As someone who is pretty well-versed at social distancing (freelance work-from-home mum to an 18-month-old), I see a lot of people struggling right now. Like you, I’m missing people. I’m regretting the opportunities I had to see people that weren’t taken. I’m confused, too. I don’t want to be on social media; I’m finding it a toxic place right now, but I want to share love and hope and, if I can, show leadership. So, I’m going to write more. Personally, I feel my best when I’m taking positive control in a situation, so I’ve written this blog as my own top tips for how I’m staying sane at the moment. I know there are other ways – what are yours? Mental health is as important as physical. I hope this will encourage you to think about your own and look after yourself.
1. Do something kind for a stranger
I did this pointedly last week by helping out another mum who mentioned in passing that she couldn’t get hold of any nappies. It felt so damned good and was a positive, controlled action that gave me an emotional high. It meant more because I didn’t need thanking (I didn’t give her the chance) and there’s no follow-up. A stranger might be someone on your street you’ve never got to know, or it might be someone online who you come across who just needs to feel supported. Find a way to safely help them, even if it’s just kind words. They will appreciate it and you’ll feel the buzz.
2. Recognise you have choices
A lot of choices are getting taken away from us, so identify the ones you still have and make them consciously. You can’t choose where you eat, who you hang out with, where to go next weekend, but you can choose other things. By not going out you are making a choice. Only you can make that choice, and it’s a positive one. If you choose to watch Netflix all day, that’s fine! But make it a conscious choice and not something that just happens. Recognising what you can control (and what you shouldn’t try to) are necessary for mental well-being. Don’t get anxious about the choices others are making – be proud of the ones you are.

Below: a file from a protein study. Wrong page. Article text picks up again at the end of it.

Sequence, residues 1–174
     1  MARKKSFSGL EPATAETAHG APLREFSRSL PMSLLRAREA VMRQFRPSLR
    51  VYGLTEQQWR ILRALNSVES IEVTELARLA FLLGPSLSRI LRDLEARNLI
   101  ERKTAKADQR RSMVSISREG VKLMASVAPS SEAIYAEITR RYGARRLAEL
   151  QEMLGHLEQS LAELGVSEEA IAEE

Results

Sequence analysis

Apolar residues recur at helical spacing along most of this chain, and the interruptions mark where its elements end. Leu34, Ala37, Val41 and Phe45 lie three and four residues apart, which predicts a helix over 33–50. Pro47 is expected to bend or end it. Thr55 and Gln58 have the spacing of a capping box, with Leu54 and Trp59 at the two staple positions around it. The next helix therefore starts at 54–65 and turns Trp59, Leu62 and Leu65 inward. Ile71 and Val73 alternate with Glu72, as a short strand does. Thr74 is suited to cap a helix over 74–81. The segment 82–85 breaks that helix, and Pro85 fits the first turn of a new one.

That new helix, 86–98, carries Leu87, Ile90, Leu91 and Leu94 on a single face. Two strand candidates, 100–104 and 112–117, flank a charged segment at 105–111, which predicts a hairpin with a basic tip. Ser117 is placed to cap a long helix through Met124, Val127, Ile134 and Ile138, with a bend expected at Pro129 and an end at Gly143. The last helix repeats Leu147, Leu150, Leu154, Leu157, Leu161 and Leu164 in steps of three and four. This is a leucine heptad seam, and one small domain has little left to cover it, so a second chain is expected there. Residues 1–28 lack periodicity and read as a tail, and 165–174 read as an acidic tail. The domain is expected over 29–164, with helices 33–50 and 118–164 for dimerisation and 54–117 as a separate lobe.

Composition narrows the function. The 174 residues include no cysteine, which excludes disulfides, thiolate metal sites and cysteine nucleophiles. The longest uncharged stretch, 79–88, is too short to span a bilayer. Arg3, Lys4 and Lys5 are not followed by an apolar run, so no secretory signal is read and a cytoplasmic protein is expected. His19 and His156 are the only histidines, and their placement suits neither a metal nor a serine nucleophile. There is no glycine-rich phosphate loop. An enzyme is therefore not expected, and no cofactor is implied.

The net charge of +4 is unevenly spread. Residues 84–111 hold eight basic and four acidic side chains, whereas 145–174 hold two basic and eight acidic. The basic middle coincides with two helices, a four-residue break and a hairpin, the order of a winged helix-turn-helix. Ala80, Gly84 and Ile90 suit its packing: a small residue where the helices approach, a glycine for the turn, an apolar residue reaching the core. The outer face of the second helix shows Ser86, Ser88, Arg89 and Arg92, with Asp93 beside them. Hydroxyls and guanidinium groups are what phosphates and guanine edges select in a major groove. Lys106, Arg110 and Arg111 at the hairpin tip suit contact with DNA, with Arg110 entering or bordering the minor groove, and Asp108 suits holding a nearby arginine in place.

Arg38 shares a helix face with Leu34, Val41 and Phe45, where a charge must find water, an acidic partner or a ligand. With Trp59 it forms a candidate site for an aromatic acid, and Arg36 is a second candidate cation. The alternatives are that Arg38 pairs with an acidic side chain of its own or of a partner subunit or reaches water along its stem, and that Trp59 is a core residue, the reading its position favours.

3. Create a project for yourself
You have probably been given more time in your life – shaved off your commute, not going out, whatever. Try to see it as a gift, not a burden. This won’t last forever. Is there a project you can do to keep yourself challenged? I went a bit nuts in the garden this weekend (blisters, ouch!) sowing a mini wildflower meadow. It won’t work, but I’ve been meaning to do it for a while. We need to create a playroom for baby girl. I’m going to build a bug hotel (been meaning to do that one for years!). Having a to-do list gives a sense of purpose and achievement when you complete it. Just don’t do it too fast!